Ustekinumab Provides Sustained Decrease of SLE Disease Activity, Phase 2 Trial Shows

Jose Marques Lopes, PhD avatar

by Jose Marques Lopes, PhD |

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One year of treatment with ustekinumab led to sustained reductions in disease activity in systemic lupus erythematosus (SLE) patients, according to a Phase 2 trial.

These benefits were also observed in patients who switched from placebo to Janssen‘s therapy at week 24.

Trial findings were presented in the study, “Efficacy and Safety of Ustekinumab, an Interleukin-12/23 Inhibitor, in Patients with Active Systemic Lupus Erythematosus: 1-Year Results of a Phase 2, Randomized Placebo-Controlled, Crossover Study,” at the recent 2018 American College of Rheumatology (ACR)/Association for Rheumatology Health Professionals (ARHP) Annual Meeting in Chicago.

The global, randomized, placebo-controlled study (NCT02349061) tested ustekinumab in 102 SLE patients, ages 18-75. All patients had active disease despite ongoing standard-of-care therapy with glucocorticoids, immunosuppressants, antimalarials, or angiotensin-converting enzyme inhibitors.

After an initial intravenous (into the vein) dose of 6 mg/kg, patients were randomized to treatment with either a placebo or 90 mg ustekinumab, delivered under the skin every eight weeks, for a total of 24 weeks.

After this period, patients on placebo switched to the treatment candidate for a second phase of the same duration. Both ustekinumab and placebo were given in addition to standard of care. Safety was evaluated through week 56.

In the group taking ustekinumab from the beginning of the study, results showed that 63% had less disease activity, as measured by the SLE Responder Index (SRI)-4. SRI-4 is defined as a decrease in the disease activity index SLEDAI-2K by four points or more, and no worsening in other disease scores.

Rates of changes in SLEDAI-2K were sustained from week 24 (65%) through one year (67%). Similar sustained benefits were observed in the rates of Physician Global Assessment (PGA) and in active joint responses. The response rate of the Cutaneous Lupus Erythematosus Disease Area and Severity Index (CLASI) — a measure of lupus activity in the skin — also increased from week 24 (53%) to one year (69%).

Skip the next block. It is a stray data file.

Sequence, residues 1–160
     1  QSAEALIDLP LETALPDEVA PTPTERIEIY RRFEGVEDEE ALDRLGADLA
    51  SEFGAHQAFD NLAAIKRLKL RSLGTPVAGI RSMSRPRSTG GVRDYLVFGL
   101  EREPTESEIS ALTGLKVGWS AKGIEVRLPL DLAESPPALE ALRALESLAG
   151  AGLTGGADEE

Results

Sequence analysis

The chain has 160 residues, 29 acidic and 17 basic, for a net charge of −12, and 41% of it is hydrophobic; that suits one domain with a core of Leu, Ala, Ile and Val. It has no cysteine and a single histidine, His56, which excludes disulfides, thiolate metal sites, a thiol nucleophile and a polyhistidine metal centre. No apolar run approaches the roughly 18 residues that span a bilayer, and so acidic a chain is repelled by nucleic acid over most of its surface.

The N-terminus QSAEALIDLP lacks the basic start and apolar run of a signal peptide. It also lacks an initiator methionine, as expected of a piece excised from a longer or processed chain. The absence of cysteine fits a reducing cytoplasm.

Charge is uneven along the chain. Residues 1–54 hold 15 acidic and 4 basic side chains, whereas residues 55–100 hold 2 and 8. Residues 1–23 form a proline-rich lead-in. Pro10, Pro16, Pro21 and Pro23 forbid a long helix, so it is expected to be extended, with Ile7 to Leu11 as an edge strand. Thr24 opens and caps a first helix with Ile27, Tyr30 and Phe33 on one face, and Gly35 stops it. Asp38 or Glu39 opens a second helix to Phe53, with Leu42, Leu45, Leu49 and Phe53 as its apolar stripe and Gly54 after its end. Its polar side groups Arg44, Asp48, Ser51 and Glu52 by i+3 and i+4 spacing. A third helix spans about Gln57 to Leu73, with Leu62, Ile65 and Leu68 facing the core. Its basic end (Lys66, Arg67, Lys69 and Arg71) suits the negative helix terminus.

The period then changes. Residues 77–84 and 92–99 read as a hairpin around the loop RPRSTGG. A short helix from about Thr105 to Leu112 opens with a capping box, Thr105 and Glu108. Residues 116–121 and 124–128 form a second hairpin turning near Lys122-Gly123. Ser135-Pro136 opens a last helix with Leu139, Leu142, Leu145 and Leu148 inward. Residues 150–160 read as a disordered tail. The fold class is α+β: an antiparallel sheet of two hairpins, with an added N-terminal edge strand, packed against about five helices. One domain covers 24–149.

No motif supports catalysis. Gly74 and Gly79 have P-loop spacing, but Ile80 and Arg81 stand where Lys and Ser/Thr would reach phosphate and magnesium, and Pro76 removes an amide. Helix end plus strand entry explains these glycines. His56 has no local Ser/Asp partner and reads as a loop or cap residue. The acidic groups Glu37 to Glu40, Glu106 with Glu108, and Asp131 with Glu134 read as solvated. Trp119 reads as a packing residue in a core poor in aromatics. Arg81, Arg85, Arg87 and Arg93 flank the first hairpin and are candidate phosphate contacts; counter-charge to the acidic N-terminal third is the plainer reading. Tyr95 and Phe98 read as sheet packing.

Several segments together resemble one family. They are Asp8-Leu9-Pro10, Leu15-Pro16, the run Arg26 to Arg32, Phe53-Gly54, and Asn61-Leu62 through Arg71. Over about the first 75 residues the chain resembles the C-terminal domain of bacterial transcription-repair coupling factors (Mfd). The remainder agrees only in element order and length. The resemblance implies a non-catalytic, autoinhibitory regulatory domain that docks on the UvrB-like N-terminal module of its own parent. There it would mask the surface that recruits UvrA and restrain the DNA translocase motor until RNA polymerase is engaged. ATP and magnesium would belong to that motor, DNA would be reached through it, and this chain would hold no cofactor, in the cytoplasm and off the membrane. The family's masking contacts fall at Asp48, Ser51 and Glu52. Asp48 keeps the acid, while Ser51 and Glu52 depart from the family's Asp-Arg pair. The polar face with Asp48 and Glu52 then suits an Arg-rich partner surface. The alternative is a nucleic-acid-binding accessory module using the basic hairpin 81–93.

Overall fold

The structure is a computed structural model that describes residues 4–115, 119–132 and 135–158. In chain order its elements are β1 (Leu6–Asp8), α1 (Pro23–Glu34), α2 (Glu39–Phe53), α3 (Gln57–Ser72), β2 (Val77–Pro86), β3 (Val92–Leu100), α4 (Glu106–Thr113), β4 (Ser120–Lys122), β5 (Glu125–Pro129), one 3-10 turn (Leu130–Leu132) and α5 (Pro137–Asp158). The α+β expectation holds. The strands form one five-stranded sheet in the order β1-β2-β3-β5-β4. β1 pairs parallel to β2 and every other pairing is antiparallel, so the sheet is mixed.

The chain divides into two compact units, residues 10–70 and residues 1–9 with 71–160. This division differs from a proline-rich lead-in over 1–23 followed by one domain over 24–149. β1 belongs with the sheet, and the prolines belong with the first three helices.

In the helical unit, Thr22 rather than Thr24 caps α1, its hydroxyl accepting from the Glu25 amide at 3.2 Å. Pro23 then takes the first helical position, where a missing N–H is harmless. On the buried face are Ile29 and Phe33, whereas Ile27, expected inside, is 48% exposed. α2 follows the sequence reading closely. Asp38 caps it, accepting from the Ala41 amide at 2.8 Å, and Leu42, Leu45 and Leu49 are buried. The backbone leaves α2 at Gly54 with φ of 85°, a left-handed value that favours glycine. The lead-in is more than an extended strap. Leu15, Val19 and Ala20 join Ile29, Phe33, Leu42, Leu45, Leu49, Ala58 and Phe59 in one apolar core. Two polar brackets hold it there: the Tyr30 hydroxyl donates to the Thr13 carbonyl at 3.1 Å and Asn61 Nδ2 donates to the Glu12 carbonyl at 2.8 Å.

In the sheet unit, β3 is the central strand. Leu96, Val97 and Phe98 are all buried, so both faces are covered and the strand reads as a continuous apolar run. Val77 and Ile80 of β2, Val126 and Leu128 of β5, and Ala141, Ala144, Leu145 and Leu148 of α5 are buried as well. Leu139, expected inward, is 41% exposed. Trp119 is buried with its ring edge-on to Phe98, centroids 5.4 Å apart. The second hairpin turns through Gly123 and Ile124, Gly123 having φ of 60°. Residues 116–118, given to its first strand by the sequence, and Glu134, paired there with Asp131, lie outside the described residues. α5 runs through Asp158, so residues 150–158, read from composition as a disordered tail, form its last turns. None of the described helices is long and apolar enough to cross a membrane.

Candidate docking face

In the group who switched from placebo to ustekinumab after 24 weeks, 55% had achieved an SRI-4 response at one year.

These findings build on earlier data showing decreased SLE disease activity in a significantly higher proportion of patients receiving ustekinumab at week 24 than those on a placebo (62% vs. 33%).

As for safety results, 15% of the overall patient population experienced serious adverse events, and 7.5% experienced serious infections through week 56. No deaths or cases of cancer, opportunistic infections, or tuberculosis were observed. Overall, the safety data of ustekinumab were consistent with its known safety profile. Long-term safety and efficacy data will be collected through 104 weeks.

“[Ustekinumab] provided sustained clinical benefit in global and organ-specific SLE activity measures through 1 year, with a safety profile consistent with other indications. Thus, ustekinumab] may be an effective therapy for SLE,” the scientists wrote.

The potential SLE medication is a human monoclonal antibody specific for interleukin (IL)-12 and IL-23, two pro-inflammatory molecules implicated in the development of SLE.

The positive results of this longer-term Phase 2 study further support the role that IL-12 and -23 cytokines may play in the pathophysiology of the disease,” Ronald van Vollenhoven, MD, PhD, the trial’s lead investigator and director of the Amsterdam Rheumatology and Immunology Center (ARC), said in a press release.

Based on these Phase 2 data, Janssen has started the global Phase 3 LOTUS study (NCT03517722), a randomized, placebo-controlled trial of ustekinumab currently enrolling participants. More information can be found here.

“It’s a truly exciting time as these latest findings serve as a catalyst as we advance the programme into Phase 3,” said Jaime Oliver Vigueras, Janssen-Cilag AG’s Europe, Middle East and Africa immunology therapeutic area lead. “Our commitment to innovating on behalf of people with chronic immune diseases is 20 years strong and remains steadfast as we expand our work to help more people in need, including those with lupus.”

In LOTUS, Janssen will collaborate with the Lupus Foundation of America (LFA) to include a disease-monitoring tool called Rapid Evaluation of Activity in Lupus (LFA-REA), which accounts for both clinician and patient input to assess the impact of SLE on patients’ health and daily life.

Janssen will also work with the Lupus Research Alliance (LRA) and its network of lupus experts with the goal of accelerating ustekinumab’s development as a treatment for SLE.

“With such a limited amount of treatment options available for patients with lupus, there is a great need for those living with the disease to have the possibility of additional therapies,”  said Kenneth Farber, LRA’s president and CEO. We look forward to continuing collaborations with Janssen in the Phase 3 study to further evaluate ustekinumab as a potential treatment option.

Ustekinumab (sold under the brand name Stelara) is currently approved for the treatment of psoriatic arthritis and Crohn’s disease — a type of inflammatory bowel disease — in adults, and for plaque psoriasis in adults and adolescents.